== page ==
A life made for the silver screen
Saturday, September 28, 2013 8:00 PM
There are some great writers in Hollywood.
Those writers, year in and year out, crank out stories that eventually get made into movies that dazzle us on the silver screen. Many spend years toiling on scripts, exploring ideas for films.
Producers are constantly looking to make movies that have action, romance, intrigue, politics and a story with a main character who displays determination, perseverance and bravado as he overcomes seemingly long odds.
I have recently explored such a story, and I think it would make one hell of a movie.
Only, it wasn't a film script I was reading. It was former state Sen. John Drummond's biography.
As you might have read in our story on page 1A today, Drummond turns 94 today. To say he made an impact on this area in his more than nine decades on this planet would be an understatement.
For most people, the experience Drummond had in World War II would be enough drama for a lifetime. He was a fighter pilot who loved flying missions. He was a fine pilot, from every account I've ever heard.
In July 1944, Drummond's plane - the "Raid Hot Mama" - was shot down in France. Injured, but still kicking, Drummond was captured by the Germans. He was a prisoner of war - enduring, to say the least, rough conditions - for more than a year. The POWs at the Barth prison camp were liberated by the Russian army in August 1945.
Drummond returned from war and continued a fruitful life. He married and started a family. He went into business for himself, as the owner and manager of Golden Ring Bakery. In 1954, he went into management with Greenwood Petroleum, a business he eventually inherited. He later also established Drummond Oil Co.
Apparently, being a war hero, a family man and a business champion wasn't enough for Drummond, so in the mid-1960s, he went into politics. He first won a seat in the state House of Representatives, then, two years later, successfully ran for South Carolina Senate.
This was no dabble into the world of politics. Drummond ended up serving 42 years in the state legislature, including a stint as the powerful president pro-tempore of the Senate.
Not bad for a kid who came from humble beginnings in the Ninety Six Mill Village.
I'VE BEEN WANTING TO DO A STORY about Sen. Drummond, like the one on page 1A today, for a long time.
Back in 2008, when Drummond was in his last year in the Senate, executive editor Richard Whiting implored me to do the story, especially considering Drummond's remarkable tenure in the legislature and what he meant to the community for so long.
I fully intended to do the story. But, in the newspaper business, sometimes stories get inadvertently pushed to the back burner. The news never stops, after all, and we put papers out 365 days per year.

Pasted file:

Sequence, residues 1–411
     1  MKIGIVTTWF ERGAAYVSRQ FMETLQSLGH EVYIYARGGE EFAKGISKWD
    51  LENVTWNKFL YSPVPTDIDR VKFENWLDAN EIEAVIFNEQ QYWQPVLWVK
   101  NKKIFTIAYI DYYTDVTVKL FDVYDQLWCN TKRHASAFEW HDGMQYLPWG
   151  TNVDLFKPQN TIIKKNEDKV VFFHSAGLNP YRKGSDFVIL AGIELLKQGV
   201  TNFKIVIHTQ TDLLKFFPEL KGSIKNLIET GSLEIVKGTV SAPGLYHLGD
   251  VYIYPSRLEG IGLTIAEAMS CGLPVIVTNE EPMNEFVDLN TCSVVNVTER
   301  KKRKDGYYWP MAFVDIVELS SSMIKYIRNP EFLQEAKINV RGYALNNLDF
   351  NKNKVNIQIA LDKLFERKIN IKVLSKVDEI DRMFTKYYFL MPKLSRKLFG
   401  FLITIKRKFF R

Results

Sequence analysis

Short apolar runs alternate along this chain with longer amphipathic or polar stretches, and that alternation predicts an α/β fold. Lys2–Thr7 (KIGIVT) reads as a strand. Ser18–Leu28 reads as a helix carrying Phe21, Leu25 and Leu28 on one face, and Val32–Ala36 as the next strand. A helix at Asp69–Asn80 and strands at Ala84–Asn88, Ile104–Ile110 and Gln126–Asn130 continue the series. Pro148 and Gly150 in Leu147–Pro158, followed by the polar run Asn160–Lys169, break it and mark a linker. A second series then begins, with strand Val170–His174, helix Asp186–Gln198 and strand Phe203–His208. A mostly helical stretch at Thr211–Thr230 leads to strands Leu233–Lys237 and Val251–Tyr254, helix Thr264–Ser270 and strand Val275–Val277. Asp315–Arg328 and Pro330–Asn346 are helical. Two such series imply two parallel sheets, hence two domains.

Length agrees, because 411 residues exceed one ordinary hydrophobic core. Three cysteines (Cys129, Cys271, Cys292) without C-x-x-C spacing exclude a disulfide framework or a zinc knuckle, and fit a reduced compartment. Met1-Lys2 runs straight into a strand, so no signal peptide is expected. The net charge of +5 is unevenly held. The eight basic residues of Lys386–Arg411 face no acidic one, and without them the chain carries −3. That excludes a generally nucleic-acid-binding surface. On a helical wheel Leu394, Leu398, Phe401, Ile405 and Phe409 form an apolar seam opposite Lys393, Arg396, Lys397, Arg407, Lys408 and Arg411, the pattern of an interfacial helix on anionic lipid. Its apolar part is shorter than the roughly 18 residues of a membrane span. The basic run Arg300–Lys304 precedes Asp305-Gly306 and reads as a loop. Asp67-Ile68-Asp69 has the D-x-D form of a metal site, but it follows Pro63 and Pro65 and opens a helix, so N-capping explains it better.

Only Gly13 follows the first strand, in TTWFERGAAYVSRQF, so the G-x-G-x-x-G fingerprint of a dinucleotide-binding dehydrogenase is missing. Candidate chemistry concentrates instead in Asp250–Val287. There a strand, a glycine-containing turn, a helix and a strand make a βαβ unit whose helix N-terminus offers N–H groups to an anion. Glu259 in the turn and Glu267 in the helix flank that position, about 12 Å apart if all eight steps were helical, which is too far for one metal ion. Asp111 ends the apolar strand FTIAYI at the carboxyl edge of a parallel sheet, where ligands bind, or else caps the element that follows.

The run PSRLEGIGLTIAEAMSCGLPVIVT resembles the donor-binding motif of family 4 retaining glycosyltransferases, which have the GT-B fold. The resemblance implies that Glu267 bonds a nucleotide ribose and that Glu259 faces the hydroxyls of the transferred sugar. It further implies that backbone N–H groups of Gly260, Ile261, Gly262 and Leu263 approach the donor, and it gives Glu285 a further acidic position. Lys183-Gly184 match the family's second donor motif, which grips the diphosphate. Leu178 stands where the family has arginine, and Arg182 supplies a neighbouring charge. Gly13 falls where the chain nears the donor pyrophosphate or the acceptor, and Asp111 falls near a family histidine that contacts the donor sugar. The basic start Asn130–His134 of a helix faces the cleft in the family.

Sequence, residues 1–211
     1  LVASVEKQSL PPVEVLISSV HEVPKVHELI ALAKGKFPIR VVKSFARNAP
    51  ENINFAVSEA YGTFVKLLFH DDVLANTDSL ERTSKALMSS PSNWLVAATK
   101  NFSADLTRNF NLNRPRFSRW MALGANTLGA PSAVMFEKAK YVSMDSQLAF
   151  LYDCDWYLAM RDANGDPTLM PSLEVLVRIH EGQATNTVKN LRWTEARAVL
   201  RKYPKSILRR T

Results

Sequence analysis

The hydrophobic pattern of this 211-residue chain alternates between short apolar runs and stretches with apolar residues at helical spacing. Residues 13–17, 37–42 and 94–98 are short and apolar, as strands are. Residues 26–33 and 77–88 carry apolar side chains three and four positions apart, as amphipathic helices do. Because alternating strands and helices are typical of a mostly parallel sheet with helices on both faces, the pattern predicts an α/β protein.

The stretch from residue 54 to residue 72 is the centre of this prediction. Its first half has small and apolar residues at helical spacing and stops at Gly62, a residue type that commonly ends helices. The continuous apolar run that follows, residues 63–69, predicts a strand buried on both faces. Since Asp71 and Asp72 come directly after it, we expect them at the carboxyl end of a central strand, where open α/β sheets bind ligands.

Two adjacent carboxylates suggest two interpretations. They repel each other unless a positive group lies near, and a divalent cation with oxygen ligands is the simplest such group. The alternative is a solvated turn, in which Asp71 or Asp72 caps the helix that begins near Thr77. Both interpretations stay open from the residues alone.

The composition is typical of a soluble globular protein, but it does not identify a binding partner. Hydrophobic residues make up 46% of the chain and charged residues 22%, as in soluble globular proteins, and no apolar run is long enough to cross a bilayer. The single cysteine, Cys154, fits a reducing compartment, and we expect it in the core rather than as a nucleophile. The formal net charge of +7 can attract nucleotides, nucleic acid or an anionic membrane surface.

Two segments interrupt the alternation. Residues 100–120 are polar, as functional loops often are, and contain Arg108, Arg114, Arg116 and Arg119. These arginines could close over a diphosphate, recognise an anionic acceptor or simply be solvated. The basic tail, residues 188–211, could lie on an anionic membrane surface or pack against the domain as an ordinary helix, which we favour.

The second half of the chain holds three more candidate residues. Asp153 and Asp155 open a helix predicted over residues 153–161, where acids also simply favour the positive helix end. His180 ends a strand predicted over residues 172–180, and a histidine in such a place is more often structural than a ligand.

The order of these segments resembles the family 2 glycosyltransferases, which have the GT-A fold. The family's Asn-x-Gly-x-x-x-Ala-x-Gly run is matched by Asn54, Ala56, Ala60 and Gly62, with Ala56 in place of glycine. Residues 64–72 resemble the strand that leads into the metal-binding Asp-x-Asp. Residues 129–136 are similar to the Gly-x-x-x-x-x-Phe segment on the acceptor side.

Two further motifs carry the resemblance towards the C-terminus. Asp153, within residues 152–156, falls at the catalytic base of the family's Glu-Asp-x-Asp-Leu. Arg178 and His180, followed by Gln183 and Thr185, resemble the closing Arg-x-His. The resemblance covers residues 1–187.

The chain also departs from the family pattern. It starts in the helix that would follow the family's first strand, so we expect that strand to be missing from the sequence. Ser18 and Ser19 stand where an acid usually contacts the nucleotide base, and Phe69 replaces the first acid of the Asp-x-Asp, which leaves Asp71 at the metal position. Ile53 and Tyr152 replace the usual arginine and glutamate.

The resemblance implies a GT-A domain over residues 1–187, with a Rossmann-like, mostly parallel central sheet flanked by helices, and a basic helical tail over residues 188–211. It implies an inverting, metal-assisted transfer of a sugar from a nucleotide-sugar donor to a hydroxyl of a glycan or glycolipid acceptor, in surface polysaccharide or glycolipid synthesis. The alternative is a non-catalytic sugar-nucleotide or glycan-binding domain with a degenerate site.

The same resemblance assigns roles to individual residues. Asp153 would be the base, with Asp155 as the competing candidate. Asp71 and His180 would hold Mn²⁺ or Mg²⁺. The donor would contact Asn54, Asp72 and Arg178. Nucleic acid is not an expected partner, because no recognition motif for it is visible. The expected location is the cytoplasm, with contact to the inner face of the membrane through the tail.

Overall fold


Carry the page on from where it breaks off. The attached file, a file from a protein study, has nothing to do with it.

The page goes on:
So, the Drummond story languished. For a long time. Too long. But, here we are on Sept. 29, 2013 - the senator's 94th birthday. Better late than never.
As I prepped for today's front page story, I had the opportunity to go through a great deal of old materials - photos, letters, videos, legislative manuals and more - provided by Drummond's longtime friend, Carol Cheek. (Carol is a gem, I might add.) I spoke with numerous politicians and others who worked closely with Drummond through the years, including Lt. Gov. Glenn McConnell, longtime state Sen. Nikki Setzler and others.
After looking through all the old photos and stories, and talking to all of those people, I was left with a question: Who is the next John Drummond?
Is there someone in Greenwood's current legislative delegation who can find a way to wield the influence Drummond once had in the Statehouse, to fervently advocate for Greenwood and the surrounding area?
Is it you, Sen. Floyd Nicholson? Can you parlay your enormous popularity among local residents - white and black, young and old - into continued goodwill in the Senate chambers, to get things done for our area?
Is it you, Sen. Billy O'Dell? You've been in the Senate for 24 years and are a power broker in your own right. Can you continue to encourage bipartisan solutions? Will you remind us of Drummond in keeping an eye out for Greenwood County?
Is it you, Rep. Anne Parks? Like Drummond, you are known for having a soft spot for the underdogs and the less fortunate. Can you be the one to help bridge the gap between the less fortunate, and the services and help they need to improve their lives?
Is it you, Rep. Shannon Riley? You're the young pup in the local delegation, serving in your first term. But, I can see the sincerity and forthrightness in you. Can you use those qualities to address issues in a manner that will take our state forward in this new economy?
Is it you, Rep. Mike Pitts? After more than a decade in the House, there are those who look to you for guidance. Can you continue to display that uncanny ability to tell it like it is, even when the right answer isn't necessarily the most popular answer?
We have some fine legislators, here and across the Palmetto State. But, will there ever be another John Drummond? Not likely.
From the mill village to the battlefield to the prison camp to the business world to the Senate floor, he remains an American Original.
That's the movie I want to see.
Trainor is the senior staff writer at the Index-Journal. Contact him at 943-5650; email firstname.lastname@example.org. You can follow him on Twitter @IJCHRISTRAINOR. Views expressed in this column are those of the writer only and do not represent the newspaper's opinion.